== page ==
Psalm 23:1 (KJV) “The LORD is my shepherd; I shall not want” (Emphasis Added).
Before this “Virus Pandemic” hit, there were many television commercials, flyers in the mail, and telemarketer calls promoting vacation “get-away” packages to exotic places where one could be pampered and find a time of rest and relaxation. My wife and I would often comment, “We would settle for just a few minutes of “get-away” time in Audubon Park! Today, travel is discouraged.
With the “Virus” crisis, the post-unsettled election chaos, and the consequent civil and spiritual discord, I believe ALL of us need to “get-away” with the LORD and reflect upon His Word wherein we may be restored, refreshed, rejuvenated, and revived. Therefore, I am led to revisit Psalm 23 over the next few weeks. May we find this to be a “word fitly spoken” and a “spring in the desert!”
While most Bible translations state this Psalm was “A Psalm of David,” there are many Bible scholars and commentaries that do not believe David was the author of Psalm 23. Some commentaries present that this was written by an unknown psalmist after the Jews were delivered from Babylonian captivity. I do not know for sure who wrote this Psalm; however, I know it was inspired by the Holy Spirit and am grateful it was included in God’s wonderful “Love Letter” to mankind!
I am inclined to believe David wrote this Psalm. He had a heart that was “after God,” and he had a deep insight into God’s character, consistency, and comfort. God moved upon David as He inspired his music (Psalms) and granted David deep, prophetic insight into the Wonderful Savior that God would send to this lost world. One need only read Psalm 22 to appreciate David’s insight into the heart of the Good Shepherd. I believe Psalm 23 is also an insight into our Savior.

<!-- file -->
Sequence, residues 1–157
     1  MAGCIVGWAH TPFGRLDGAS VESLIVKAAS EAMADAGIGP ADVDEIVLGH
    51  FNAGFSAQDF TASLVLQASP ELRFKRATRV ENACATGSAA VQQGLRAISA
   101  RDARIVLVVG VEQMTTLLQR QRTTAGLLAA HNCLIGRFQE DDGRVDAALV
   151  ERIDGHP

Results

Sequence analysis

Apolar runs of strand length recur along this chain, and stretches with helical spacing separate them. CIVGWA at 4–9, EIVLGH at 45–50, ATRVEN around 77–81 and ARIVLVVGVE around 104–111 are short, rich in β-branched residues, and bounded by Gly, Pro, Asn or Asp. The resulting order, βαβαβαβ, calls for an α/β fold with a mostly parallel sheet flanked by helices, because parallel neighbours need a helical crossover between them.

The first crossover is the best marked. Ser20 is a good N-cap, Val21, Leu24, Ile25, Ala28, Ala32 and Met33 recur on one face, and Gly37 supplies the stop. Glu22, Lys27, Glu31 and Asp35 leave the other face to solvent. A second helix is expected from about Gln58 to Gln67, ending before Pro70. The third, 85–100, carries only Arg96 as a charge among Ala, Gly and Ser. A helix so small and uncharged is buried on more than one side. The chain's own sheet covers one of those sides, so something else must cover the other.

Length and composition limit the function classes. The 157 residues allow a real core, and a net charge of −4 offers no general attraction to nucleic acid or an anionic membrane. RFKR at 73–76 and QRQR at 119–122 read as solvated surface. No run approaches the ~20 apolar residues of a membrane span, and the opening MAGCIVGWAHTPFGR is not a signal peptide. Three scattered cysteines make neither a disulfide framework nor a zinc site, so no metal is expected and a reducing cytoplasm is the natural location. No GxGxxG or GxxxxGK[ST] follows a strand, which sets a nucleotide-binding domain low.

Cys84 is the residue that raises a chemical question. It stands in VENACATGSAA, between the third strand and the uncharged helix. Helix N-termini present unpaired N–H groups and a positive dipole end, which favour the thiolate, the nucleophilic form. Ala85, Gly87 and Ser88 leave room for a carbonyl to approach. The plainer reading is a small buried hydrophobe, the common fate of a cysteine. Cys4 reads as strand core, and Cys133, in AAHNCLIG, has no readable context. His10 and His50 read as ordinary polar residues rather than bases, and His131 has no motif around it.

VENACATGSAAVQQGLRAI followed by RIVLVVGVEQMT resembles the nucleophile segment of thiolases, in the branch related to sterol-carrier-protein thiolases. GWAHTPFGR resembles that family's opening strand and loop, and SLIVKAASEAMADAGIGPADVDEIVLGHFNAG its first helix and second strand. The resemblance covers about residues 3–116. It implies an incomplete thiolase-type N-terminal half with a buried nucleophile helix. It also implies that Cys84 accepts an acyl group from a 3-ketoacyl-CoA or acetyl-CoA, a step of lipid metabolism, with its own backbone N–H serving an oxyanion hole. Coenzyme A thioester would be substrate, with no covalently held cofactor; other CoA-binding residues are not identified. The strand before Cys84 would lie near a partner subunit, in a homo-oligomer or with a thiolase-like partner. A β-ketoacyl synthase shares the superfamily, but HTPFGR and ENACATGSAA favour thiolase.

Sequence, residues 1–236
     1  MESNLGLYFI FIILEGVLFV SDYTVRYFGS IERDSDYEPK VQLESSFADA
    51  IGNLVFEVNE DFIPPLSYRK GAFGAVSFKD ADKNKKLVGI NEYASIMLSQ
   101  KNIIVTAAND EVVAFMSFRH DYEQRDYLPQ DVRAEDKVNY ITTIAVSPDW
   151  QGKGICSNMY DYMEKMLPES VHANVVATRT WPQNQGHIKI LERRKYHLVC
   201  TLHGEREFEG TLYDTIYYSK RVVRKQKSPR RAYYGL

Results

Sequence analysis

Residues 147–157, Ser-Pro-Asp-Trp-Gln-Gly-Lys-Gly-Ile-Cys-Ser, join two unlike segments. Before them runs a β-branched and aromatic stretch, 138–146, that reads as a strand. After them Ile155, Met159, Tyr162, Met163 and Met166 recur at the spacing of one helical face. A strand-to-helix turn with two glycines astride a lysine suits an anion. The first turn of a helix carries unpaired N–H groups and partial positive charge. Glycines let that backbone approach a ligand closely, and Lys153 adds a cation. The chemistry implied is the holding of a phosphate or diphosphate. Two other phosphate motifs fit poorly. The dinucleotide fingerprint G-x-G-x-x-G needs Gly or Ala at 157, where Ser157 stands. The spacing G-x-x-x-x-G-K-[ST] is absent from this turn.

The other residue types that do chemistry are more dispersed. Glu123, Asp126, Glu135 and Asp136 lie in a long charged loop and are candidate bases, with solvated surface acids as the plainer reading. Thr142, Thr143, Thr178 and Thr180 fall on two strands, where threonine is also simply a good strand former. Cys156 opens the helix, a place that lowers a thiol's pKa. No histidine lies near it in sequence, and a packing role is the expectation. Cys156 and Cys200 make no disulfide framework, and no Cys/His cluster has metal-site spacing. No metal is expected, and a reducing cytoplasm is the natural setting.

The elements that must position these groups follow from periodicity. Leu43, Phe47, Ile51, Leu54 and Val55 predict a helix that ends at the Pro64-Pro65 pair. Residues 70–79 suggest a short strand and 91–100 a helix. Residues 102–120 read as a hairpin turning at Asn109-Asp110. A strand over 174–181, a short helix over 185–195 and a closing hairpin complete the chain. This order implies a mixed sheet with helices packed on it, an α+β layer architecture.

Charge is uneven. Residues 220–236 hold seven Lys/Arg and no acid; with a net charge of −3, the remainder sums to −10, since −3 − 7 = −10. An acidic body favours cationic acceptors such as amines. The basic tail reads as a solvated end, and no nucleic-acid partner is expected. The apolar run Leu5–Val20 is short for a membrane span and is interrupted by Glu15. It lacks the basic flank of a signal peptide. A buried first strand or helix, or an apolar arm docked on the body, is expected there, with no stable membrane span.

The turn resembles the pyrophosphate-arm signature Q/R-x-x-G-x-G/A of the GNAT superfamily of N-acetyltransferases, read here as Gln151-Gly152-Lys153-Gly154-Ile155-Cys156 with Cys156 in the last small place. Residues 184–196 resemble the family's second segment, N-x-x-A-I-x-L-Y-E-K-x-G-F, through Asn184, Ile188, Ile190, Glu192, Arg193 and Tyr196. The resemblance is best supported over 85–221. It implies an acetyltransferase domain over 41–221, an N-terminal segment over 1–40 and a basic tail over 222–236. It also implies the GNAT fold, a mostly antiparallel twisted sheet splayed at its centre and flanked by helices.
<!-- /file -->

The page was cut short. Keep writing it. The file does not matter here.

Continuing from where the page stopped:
Perhaps, as Paul expressed – Philippians 3:10 (KJV) “That I may know him, and the power of his resurrection, and the fellowship of his sufferings, being made conformable unto his death;” (Emphasis Added), David also desired to know God’s suffering. Regardless, I believe Psalm 23 is a revelation of the Savior’s triumphant faith – the faith that He will be looking for when He returns.
As we discussed in a previous blog – “It’s a Matter of Trust – August 28, 2020” – David was NOT Jesse’s favorite son. When God sent Samuel to Jesse to seek the new king that He had chosen, Jesse left David out of the “line-up” of his sons to be considered as the king. Only after Samuel asked Jesse if he had any other sons did Jesse “remember” that he had a son named David and said, “…and, behold, he keepeth the sheep” (1 Samuel 16:11).
When Jesse wanted to verify that his older sons were safe and healthy, on whom did he depend? It was his “least favorite” – David! Jesse was not willing to place himself in harm’s way; therefore, he sent his least favorite son to be exposed to the enemy. David was not afraid to go closer to the battlefront; for, he had a confidence in God’s protection that was tempered with the experience of God’s faithfulness. I have often wondered if David carried a “father wound.” If so, I can really appreciate the depth of emotion as he wrote, “The Lord is my shepherd – my pastor!” Another meaning of the word “shepherd” is “pastor.”